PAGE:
Reclaiming the morning is such a beautiful thing. I got to thinking about how important it was for Jesus to commune with the Father early in the morning. Then I thought about how Odysseus always got his day started "as soon as Dawn arrived, fresh and rosy-fingered." Odysseus did some pretty awesome things. And, you know, there's Jesus. They found it significant to be up at the break of dawn...
I'm making this a new pattern in my life, to be awake and in prayer as Dawn arrives. To be up at 6am.
Do you have any idea how difficult this is? I've always chalked it up to not being "a morning person." But I see now that it was always just an excuse. It wasn't character that I lacked, but discipline - to drag myself out of bed in the morning, to seek after God and abide in God's love, to order my prayer life, to pray, to manage my time efficiently, to be a good steward of my physical body (particularly in the ways I feed it and allow it to rest), to practice self-control throughout the day, to get to bed in the evening (on time!), and finally to pray for prophetic dreams (lol, but seriously).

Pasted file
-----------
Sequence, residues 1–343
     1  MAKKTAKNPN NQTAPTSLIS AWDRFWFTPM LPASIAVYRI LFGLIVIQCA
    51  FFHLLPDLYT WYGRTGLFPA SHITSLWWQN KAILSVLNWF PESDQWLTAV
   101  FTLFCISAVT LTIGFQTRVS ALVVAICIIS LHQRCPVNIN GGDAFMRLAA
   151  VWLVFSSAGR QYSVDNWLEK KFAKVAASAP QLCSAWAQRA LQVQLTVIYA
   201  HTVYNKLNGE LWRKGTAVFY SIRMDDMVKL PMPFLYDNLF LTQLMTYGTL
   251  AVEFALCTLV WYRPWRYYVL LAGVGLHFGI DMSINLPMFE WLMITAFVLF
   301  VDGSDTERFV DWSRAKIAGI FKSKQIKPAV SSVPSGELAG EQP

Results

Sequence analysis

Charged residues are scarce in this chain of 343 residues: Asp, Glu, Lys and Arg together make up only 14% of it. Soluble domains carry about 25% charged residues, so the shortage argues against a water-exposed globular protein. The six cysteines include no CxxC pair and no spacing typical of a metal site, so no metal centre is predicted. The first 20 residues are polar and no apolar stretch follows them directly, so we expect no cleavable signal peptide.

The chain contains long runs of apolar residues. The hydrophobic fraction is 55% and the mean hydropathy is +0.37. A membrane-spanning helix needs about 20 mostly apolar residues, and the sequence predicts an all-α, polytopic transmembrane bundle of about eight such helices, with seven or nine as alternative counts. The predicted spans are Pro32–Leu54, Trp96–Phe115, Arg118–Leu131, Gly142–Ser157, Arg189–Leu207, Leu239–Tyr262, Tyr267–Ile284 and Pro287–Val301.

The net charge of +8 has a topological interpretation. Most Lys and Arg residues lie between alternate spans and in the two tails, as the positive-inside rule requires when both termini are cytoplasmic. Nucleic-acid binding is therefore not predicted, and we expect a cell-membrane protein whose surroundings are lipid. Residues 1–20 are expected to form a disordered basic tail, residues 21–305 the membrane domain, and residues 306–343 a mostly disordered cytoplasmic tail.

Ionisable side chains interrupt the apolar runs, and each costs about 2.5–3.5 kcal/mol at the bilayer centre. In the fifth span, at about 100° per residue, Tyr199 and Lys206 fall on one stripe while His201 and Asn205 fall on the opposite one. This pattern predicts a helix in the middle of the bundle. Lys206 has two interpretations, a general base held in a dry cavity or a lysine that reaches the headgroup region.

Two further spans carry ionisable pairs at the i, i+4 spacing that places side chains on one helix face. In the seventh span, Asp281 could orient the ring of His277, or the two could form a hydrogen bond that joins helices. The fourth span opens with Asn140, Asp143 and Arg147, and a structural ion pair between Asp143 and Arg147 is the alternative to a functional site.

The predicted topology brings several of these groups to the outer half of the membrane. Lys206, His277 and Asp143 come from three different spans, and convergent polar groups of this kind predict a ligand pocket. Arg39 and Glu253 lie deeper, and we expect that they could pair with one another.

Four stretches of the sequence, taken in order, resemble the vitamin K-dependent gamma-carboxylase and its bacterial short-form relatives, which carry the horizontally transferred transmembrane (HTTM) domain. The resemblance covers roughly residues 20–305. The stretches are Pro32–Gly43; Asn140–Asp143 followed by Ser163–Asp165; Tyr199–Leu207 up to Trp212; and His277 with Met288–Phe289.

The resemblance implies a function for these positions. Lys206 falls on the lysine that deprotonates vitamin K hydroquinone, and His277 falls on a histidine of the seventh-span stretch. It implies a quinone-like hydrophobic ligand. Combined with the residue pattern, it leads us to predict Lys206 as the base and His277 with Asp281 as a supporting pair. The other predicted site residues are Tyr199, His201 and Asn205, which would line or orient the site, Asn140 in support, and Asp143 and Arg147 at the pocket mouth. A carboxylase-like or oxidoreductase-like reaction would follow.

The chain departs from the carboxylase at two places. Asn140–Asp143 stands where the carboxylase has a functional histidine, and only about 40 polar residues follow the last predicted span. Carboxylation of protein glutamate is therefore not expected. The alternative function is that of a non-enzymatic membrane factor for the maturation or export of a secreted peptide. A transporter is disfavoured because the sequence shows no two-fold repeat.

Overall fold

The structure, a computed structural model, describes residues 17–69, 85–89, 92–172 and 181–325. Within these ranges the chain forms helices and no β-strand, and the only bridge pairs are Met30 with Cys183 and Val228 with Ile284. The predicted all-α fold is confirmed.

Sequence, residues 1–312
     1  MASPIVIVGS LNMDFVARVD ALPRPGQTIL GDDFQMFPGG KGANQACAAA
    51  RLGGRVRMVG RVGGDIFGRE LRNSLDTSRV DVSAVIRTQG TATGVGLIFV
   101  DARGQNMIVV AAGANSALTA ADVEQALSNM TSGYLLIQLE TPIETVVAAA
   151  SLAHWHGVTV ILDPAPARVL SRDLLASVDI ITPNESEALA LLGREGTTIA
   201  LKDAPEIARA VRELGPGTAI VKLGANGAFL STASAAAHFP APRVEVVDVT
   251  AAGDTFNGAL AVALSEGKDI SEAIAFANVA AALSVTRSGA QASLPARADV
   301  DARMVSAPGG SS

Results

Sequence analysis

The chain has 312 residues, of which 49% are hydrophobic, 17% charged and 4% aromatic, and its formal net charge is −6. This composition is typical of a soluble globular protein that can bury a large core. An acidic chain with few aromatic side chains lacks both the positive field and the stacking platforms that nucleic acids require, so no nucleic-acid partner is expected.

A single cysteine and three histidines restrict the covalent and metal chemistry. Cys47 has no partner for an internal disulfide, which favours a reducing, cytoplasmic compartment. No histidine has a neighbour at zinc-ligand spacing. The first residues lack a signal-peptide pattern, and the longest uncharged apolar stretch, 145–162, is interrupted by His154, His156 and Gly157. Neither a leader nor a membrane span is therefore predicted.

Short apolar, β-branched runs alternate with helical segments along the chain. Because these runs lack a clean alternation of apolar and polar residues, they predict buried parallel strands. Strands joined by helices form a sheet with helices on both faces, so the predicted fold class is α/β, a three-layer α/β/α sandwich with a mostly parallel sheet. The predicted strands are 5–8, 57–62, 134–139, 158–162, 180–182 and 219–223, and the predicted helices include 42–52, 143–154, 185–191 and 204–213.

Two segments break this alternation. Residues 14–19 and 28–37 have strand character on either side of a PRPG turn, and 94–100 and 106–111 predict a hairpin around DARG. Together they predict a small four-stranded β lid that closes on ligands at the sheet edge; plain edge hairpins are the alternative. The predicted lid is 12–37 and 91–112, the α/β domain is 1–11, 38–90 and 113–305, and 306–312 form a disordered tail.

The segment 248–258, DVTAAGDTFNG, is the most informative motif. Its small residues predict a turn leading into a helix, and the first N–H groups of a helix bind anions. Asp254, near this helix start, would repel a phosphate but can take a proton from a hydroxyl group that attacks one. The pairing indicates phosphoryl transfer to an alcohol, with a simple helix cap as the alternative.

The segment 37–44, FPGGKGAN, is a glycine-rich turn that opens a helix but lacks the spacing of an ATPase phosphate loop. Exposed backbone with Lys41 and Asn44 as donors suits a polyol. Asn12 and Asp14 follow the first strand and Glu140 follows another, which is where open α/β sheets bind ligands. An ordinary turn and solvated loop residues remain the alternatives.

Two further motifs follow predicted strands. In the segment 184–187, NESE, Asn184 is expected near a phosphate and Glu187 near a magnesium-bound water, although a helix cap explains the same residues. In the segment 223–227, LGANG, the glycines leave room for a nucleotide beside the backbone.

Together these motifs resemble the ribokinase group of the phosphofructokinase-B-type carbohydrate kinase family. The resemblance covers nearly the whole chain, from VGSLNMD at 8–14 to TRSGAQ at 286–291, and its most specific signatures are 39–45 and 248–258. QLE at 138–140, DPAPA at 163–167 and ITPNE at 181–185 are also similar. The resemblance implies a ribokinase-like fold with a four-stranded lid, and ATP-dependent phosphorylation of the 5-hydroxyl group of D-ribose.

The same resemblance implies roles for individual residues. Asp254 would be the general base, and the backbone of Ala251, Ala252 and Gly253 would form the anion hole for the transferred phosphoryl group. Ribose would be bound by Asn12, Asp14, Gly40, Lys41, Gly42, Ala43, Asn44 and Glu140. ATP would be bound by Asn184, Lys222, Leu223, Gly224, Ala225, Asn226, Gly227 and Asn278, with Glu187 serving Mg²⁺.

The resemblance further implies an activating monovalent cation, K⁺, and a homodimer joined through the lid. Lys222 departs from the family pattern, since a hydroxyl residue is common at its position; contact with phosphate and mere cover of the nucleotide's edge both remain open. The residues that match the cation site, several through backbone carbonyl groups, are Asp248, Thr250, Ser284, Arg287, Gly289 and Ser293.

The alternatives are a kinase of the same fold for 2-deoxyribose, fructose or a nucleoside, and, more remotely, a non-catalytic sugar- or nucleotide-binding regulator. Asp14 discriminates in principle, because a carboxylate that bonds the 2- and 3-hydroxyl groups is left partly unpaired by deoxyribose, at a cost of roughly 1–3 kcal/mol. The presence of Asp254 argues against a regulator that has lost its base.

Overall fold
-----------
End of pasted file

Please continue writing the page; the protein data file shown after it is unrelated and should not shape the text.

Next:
This is so much harder than any "work" I've ever done or probably will ever do. Look at the paragraph above! Can you imagine a job that would require someone to exercise that kind of discipline? No, it would be untenable. But that's precisely what Jesus calls us into when he says, "come, follow me." This is just a part of what discipleship looks like.
To reclaim the morning will mean for me and God to completely break the foundation of my life. For me to surrender and abdicate to God: my schedule, diet, the times that I sleep and wake, my dreams in the day and night; and then to allow him to work me into a new being altogether, that I might be a better vessel for the Kingdom.
The cost for me will ultimately be my freedom. After all, what meaning does "free time" have when one's schedule is under the domain and command of almighty God?
To be continued =D